Elephant Facts

All you ever wanted to know about Asian elephants

The Asian Elephant

The Asian elephant (Elephas maximus), also called Asiatic elephant, is the only living species of the genus Elephas and is distributed in the Indian subcontinent and Southeast Asia, from India and Nepal in the west to Borneo in the south. Three subspecies are recognised—E. m. maximus from Sri Lanka, E. m. indicus from mainland Asia and E. m. sumatranus from the island of Sumatra. The Asian elephant is the largest living land animal in Asia.

Since 1986, the Asian elephant has been listed as Endangered on the IUCN Red List, as the population has declined by at least 50 percent over the last three generations, estimated to be 60–75 years. It is primarily threatened by loss of habitat, habitat degradation, fragmentation and poaching.

In 2003, the wild population was estimated at between 41,410 and 52,345 individuals. Female captive elephants have lived beyond 60 years when kept in semi-natural surroundings, such as forest camps. In zoos, Asian elephants die at a much younger age; captive populations are declining due to a low birth and high death rate. The genus Elephas originated in Sub-Saharan Africa during the Pliocene and spread throughout Africa before emigrating to southern Asia. The earliest indications of captive use of Asian elephants are engravings on seals of the Indus Valley Civilisation dated to the 3rd millennium BC.

Conservation status: Endangered (IUCN 3.1)

Scientific classification

  • Kingdom:           Animalia
  • Phylum:              Chordata
  • Class:                  Mammalia
  • Order:                 Proboscidea
  • Family:               Elephantidae
  • Genus:                Elephas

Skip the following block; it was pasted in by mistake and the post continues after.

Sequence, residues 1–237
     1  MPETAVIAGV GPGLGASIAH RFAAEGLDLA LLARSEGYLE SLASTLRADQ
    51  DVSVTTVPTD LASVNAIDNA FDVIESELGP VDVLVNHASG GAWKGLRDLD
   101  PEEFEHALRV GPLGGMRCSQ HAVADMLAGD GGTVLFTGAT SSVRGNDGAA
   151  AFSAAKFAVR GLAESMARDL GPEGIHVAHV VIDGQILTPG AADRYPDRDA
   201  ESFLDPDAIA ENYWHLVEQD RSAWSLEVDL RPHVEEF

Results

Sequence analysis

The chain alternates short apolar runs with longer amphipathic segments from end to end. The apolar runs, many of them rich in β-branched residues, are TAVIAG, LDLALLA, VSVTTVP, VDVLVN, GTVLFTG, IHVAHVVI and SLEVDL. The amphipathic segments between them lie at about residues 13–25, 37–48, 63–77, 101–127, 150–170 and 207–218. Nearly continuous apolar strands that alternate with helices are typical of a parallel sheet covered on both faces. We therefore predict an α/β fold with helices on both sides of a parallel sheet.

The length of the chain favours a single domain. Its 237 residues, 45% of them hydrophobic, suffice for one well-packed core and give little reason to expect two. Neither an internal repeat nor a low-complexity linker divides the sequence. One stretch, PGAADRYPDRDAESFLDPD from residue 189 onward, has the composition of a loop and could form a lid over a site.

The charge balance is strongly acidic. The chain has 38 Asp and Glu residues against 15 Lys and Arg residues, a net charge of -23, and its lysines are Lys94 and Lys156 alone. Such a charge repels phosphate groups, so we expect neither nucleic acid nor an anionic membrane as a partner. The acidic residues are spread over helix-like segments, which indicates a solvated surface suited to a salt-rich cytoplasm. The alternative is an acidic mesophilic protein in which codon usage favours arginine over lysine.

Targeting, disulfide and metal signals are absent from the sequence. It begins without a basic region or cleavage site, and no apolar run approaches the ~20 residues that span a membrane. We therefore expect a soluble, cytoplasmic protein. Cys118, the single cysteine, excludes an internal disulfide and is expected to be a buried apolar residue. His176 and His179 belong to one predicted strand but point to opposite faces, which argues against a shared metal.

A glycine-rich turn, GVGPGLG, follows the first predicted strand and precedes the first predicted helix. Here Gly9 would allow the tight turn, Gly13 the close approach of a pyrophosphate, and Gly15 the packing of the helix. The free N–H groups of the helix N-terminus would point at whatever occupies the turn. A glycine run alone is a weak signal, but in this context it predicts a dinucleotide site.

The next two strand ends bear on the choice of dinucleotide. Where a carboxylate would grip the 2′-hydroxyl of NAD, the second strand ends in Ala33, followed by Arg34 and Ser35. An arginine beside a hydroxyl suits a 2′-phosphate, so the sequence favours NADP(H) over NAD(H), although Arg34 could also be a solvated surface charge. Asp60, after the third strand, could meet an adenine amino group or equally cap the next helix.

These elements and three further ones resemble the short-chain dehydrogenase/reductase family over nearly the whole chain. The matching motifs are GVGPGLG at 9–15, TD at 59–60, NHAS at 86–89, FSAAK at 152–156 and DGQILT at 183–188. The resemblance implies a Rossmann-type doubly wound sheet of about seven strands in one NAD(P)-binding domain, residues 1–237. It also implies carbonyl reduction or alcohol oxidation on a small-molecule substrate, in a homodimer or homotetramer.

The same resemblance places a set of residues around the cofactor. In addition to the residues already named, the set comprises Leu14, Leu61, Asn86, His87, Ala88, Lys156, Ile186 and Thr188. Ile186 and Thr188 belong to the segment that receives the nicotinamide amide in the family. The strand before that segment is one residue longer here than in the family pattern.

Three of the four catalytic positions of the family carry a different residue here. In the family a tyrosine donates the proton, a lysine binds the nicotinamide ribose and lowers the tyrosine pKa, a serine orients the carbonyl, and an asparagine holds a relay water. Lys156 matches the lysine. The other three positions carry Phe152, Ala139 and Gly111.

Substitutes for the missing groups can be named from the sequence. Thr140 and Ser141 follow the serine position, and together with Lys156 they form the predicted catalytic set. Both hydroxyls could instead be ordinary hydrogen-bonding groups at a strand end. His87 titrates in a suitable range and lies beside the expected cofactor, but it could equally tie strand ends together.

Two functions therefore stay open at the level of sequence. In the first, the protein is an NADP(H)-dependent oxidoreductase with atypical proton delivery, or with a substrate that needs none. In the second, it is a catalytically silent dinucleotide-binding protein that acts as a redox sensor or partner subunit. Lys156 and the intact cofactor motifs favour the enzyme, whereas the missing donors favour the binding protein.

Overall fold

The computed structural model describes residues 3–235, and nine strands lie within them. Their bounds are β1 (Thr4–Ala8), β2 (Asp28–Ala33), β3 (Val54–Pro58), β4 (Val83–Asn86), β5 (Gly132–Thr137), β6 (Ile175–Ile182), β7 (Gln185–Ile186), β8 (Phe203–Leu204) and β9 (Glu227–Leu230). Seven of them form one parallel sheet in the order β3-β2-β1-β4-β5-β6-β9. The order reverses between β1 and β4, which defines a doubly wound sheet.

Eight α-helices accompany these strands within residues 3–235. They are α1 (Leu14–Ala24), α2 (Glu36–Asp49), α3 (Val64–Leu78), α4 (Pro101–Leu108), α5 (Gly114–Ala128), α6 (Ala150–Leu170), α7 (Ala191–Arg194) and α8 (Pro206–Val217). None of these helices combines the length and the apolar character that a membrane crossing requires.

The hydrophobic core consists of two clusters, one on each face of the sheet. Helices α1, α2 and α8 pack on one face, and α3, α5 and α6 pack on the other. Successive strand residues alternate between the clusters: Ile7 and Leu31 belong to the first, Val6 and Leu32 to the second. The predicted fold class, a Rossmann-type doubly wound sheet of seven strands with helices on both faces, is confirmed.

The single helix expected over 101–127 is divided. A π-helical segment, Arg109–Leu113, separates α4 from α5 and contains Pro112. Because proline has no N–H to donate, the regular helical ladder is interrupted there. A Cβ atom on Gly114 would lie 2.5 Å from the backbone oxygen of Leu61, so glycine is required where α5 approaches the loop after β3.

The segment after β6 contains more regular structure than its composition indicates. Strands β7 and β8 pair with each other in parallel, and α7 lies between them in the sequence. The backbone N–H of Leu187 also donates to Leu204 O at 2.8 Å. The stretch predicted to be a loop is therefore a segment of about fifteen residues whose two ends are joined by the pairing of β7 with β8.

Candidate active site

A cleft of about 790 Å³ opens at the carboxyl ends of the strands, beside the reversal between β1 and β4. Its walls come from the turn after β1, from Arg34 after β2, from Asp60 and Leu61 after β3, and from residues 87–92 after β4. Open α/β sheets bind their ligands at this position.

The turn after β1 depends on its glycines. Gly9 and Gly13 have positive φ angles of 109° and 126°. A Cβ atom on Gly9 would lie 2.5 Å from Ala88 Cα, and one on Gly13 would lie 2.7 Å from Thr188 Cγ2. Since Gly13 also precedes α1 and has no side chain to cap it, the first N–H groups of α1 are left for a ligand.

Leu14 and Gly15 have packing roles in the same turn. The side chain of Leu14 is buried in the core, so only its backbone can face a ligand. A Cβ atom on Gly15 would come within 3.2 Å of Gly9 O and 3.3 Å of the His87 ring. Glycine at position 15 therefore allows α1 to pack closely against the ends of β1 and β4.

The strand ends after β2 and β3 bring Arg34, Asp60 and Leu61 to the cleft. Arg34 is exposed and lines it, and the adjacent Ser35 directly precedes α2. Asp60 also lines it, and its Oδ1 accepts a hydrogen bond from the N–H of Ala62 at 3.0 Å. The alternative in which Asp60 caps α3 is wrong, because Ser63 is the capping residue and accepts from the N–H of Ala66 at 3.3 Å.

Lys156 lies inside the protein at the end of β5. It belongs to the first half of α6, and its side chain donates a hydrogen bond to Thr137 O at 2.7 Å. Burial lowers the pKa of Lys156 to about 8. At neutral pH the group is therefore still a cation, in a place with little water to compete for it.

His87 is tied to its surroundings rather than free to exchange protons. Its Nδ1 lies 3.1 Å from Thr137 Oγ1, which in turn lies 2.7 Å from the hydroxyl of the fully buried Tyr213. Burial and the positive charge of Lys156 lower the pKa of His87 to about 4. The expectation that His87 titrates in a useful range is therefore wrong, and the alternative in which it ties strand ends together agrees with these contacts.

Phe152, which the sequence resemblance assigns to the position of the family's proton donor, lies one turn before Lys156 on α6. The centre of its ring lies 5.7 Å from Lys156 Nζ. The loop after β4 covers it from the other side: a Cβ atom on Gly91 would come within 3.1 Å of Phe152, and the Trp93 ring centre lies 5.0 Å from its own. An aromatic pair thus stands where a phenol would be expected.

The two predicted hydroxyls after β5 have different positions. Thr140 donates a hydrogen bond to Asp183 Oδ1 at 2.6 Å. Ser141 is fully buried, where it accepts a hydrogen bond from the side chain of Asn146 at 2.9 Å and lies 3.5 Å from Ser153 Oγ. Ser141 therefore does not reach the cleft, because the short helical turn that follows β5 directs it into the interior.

• Species:              E. maximus
  • Binomial name  Elephas maximus


  1. m. maximus
  2. m. indicus
  3. m. sumatranus
  4. m. borneensis
By © Sémhur / Wikimedia Commons, CC BY-SA 4.0

Elephas Maximus distribution evolution

Asian elephant historical range (pink) and current range (red)

Elephants have worked alongside humans for thousands of years. The ancient art of being an elephant owner (mahout) carries with it the responsibility of trust, skill, strength and kindness. Captive elephants in Laos are treated as family members by their adopted human family.

Sadly, captive elephant populations are in decline. Approximately 400 wild elephants remain in Laos. The new millennium has bought with it the burden of financial gain, with mahouts having to work their elephants seven days a week to earn a living. Until recently elephants were mainly employed in the logging industry, a very hard and dangerous job. Elephants are too overworked to reproduce and can even die from logging accidents.

The fertility of female elephants is markedly lost at 30 years of age. It’s very important that a cow has had the opportunity to reproduce before her reproductive health is compromised.

However a mahout cannot afford to rest his female elephant during her pregnancy and lactation. The cow cannot work for at least 4 years and a calf is a liability for logging mahouts who need to wait the animal’s 13th birthday before the elephant can make money by pulling logs – a very long time for a family to be without income.